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Someone posted an article today on Facebook (link here) which got me thinking about my own experiences of being gaslighted within a relationship.

Gaslighting is a form of mental abuse in which false information is presented with the intent of making a victim doubt his or her own memory, perception and sanity. Instances may range simply from the denial by an abuser that previous abusive incidents ever occurred, up to the staging of bizarre events by the abuser with the intention of disorienting the victim.

More here.

Ingrid Bergman in the 1944 film “Gaslight”, well worth a watch.

Gaslighting as an experience is devastating to your sense of sanity and self esteem.  It can creep into a relationship early on in such a mild form it is inperceptible.  By the time it becomes entrenched as a way of interacting the victim already believes the abuser is probably right.  It is hard to explain to others because the more you try to explain it the “crazier” you start to sound, even to yourself.  Eventually you believe that maybe you are mad, so mad in fact, you need this other person around to help you keep your tenuous grip on reality.

Gaslighting is essentially a form of manipulation and control, and it is not exclusively perpetrated by men against women despite what the media may have you believe.  It is a form of domestic abuse, but one that has only relatively recently been taken seriously by medical professionals. social services,  and law enforcement authorities.  Despite this, in my opinion,  it is often still perceived as a poor relation of “real” abuse such as physical and sexual violence.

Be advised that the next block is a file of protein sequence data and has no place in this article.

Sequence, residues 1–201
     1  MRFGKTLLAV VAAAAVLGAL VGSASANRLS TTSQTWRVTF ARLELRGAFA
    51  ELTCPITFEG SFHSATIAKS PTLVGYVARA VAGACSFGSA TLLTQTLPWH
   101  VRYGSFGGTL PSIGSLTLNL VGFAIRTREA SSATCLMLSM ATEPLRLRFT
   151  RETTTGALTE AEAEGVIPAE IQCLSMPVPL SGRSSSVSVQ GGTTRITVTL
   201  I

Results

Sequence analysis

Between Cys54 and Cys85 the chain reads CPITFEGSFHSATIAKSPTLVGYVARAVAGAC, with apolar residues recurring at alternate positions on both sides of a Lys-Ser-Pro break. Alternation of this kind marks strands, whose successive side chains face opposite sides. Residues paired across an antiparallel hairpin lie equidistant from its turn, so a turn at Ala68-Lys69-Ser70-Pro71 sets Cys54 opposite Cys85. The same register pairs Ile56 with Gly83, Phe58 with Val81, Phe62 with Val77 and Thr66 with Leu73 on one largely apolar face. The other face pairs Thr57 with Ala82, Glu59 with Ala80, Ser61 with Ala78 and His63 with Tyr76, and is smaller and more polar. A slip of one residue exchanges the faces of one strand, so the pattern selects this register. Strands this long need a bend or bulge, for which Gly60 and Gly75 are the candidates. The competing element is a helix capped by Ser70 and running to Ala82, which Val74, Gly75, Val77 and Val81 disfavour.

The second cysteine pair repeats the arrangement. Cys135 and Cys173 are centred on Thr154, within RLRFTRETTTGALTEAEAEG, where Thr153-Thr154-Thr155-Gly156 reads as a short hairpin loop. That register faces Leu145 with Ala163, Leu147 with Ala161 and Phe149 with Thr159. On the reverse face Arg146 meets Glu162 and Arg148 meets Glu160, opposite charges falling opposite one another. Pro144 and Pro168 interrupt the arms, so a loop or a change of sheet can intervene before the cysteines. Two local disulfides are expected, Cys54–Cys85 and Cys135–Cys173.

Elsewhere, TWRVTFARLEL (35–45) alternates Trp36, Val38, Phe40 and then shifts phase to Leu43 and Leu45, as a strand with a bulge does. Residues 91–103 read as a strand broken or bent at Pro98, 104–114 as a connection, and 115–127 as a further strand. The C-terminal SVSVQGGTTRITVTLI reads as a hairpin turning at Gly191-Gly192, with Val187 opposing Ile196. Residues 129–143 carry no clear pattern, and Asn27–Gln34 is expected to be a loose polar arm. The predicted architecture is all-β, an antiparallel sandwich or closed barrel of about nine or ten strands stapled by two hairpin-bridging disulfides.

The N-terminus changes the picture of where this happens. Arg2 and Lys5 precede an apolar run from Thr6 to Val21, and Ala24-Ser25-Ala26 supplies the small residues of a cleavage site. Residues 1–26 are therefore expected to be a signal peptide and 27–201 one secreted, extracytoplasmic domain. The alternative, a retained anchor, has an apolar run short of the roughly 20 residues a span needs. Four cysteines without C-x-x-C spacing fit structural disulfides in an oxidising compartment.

Before everyone starts picking over the last row they had with their significant other and wondering if his/her shouting “you’re a fucking crazy bitch/dickhead” counts as serious domestic abuse;  it probably doesn’t.  Sometimes a row is just a row.   It’s not nice, but real gaslighting is much more subtle and is not something that exclusively happens when one person is angry at another.  Although this can be the case, in my personal experience it tended to be a more normal part of the daily communications.

Many years ago I started to write a book on recognising when you were being gaslighted.  I may resurrect it but in the meantime a few of my own experiences of gaslighting in a very small nutshell were:

Minimising my personal concerns:  Always on the basis of a “caring” discussion, this would start with “What’s up?” and end in “You’ve got a bloody screw loose”, or “It’s all in your head”, and also for good measure “Well, with the history of mental illness in your family, and your depression, it’s not surprising you are so irrational, there really is no hope!”.

Ensuring compliance:  If I ever objected to anything within the relationship eg, where the money was spent; sexual issues I was left in no doubt that these were my issues either with my parents (?!) during childhood, my own personal repression/hang-ups and so on.  Not legitimate concerns.  Really I should have been in the loony bin.  Eventually you just do what they want you to do because what happens if you are really mad?  They will come and take you away….